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With the new year comes new opportunities and the chance to make a fresh start. While we make well-intentioned resolutions to drink less, exercise more or cut down on screen time, one resolution we should keep this January is to review or make a Will.

A Will is an important legal document and can help protect your loved ones after you die and ensure your estate is dealt with in the way you choose, and though it’s never nice to think about death, having a Will in place now can save family and friends a lot of stress, pain and inconvenience when the time comes.

For many people, making a Will seems like a complicated, expensive, and daunting task and while there’s no shortage of information available on the topic, there are still many myths around making a will

Am I old enough to make or need a Will?

For a will to be valid, you must be 18 years old or over and of sound mind. A Will can ensure that any of your assets, whether a family heirloom or favourite saucepan, are distributed in accordance with your own wishes when you pass.

We sometimes think Wills are for people who own multiple property and have assets to manage but this isn’t the case. Any specific requests can be made via a Will which can help avoid squabbles when it comes to sorting out your possessions.

More importantly, a Will can allow you to legally appoint a guardian(s) for any minors who survive you giving you peace of mind that your children will be taken care of.

I’m married so will everything pass to my spouse?

If you die without making a Will your estate will be distributed in accordance with the rules of intestacy.

Under the rules of intestacy spouses are entitled to, personal possessions and the first £270,000 of the rest of the estate. Everything over £270,000 will then be divided between the spouse and children. If there are no children, different rules apply.

The rules are complicated and may not deal with your estate in the way you choose.

It’s worth noting that jointly held property may fall outside the estate depending on how it’s owned. For example:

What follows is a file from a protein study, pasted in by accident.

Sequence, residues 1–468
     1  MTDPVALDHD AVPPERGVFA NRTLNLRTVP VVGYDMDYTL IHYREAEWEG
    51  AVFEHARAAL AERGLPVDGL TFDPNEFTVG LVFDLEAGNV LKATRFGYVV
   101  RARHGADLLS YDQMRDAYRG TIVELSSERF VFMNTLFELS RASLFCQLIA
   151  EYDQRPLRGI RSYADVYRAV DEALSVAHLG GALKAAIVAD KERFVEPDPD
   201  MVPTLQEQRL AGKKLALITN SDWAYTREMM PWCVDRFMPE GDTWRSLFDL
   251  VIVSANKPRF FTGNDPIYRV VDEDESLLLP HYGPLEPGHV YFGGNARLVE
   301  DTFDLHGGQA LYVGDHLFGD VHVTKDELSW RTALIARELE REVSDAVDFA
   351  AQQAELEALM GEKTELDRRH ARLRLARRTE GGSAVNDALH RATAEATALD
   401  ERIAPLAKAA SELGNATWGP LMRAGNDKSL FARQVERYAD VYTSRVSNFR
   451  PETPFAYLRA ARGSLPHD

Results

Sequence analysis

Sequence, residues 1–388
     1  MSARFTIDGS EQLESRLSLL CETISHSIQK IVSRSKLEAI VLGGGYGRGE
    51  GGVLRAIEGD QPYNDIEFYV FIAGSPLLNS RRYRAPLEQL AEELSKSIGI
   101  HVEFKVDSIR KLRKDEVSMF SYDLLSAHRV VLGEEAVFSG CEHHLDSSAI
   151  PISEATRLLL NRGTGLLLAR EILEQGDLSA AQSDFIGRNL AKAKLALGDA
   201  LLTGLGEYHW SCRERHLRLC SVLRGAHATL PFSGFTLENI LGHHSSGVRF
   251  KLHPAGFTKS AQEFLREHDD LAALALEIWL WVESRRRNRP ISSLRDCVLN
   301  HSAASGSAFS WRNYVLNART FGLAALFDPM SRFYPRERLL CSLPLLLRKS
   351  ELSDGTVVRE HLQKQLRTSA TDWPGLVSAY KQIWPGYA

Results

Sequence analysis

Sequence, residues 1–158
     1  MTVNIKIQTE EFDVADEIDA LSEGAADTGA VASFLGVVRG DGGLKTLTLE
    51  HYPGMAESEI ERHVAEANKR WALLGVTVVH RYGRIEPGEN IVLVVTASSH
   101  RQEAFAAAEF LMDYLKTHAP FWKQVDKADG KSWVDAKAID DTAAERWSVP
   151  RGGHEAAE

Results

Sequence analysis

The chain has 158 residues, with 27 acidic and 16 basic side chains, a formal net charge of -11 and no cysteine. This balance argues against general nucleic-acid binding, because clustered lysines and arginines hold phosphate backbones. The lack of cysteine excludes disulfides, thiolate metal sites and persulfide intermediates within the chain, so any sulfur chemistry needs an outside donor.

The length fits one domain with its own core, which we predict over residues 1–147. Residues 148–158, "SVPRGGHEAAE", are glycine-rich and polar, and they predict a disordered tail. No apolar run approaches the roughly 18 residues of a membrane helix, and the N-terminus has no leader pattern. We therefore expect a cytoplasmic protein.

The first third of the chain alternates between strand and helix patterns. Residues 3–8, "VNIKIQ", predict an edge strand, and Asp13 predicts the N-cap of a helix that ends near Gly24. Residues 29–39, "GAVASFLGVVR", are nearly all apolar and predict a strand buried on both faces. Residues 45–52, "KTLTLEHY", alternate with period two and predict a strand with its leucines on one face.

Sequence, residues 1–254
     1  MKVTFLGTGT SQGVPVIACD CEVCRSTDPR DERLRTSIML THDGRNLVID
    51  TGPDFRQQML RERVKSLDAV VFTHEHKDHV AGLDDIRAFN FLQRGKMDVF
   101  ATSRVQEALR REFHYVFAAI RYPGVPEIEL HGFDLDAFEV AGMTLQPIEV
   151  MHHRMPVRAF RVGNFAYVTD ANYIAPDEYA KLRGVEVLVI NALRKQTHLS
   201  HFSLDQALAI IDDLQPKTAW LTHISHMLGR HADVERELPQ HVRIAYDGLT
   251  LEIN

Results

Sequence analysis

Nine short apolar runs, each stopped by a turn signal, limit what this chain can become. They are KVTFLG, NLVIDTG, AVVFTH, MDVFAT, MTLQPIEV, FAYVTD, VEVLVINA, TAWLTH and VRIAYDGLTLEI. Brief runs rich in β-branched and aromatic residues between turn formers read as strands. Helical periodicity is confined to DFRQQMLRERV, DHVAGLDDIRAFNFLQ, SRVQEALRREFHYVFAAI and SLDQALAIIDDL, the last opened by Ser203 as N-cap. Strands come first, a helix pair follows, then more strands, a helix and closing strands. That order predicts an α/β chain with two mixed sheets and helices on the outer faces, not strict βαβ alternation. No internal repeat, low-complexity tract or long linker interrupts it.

• If a property is owned with someone else (including a spouse) as beneficial joint tenants, the death of one joint tenant will mean the property will pass to the other automatically
  • If a property is owned with someone else (including a spouse) as beneficial tenants in common, the beneficial interest of each party will, on death, form part of their estate
Can I just tell my family what I want to happen after my death?

You can, but that doesn’t constitute a legal instruction on your behalf. Even if you put your wishes in writing, without a valid Will in place, the rules of intestacy will govern where your estate is passed; this may not be to the beneficiary or beneficiaries you intended.

Under the rules, only married, civil partners or other close relatives can inherit your estate when you die, so if you would like a particular person to inherit your estate, this must be specified in your Will.

When I die, will my debts disappear?

This is a common misconception. When you die, your debts don’t die with you any outstanding debts will be settled from your estate.

The remainder of your estate can only be distributed to other beneficiaries once all debts have been settled. If an executor or administrator fails to settle debts or take steps to find out if you have any outstanding debts, they can become liable for the debts.

If there isn’t enough money in the estate to cover all debts, then various rules will determine how the estate is distributed amongst creditors.

Debts will not pass to other family members.

I’ve already made a Will, is that all I need to do?

Throughout our lives, circumstances change, so it’s important to review your Will every few years to make sure you’re still happy that is meets your requirements.

A Will can be changed at anytime before your death so long as all the legal requirements are complied with.

Do I need a solicitor to make a Will?

You may have seen DIY Will kits on the market, and though these are legally binding, there are strict rules that must be followed for a Will to be valid. For peace of mind, we’d advise policyholders to seek legal guidance, particularly if they have complex family or financial situations.

For further information on the above, or details of our products and services, please contact your Partnerships Manager or email

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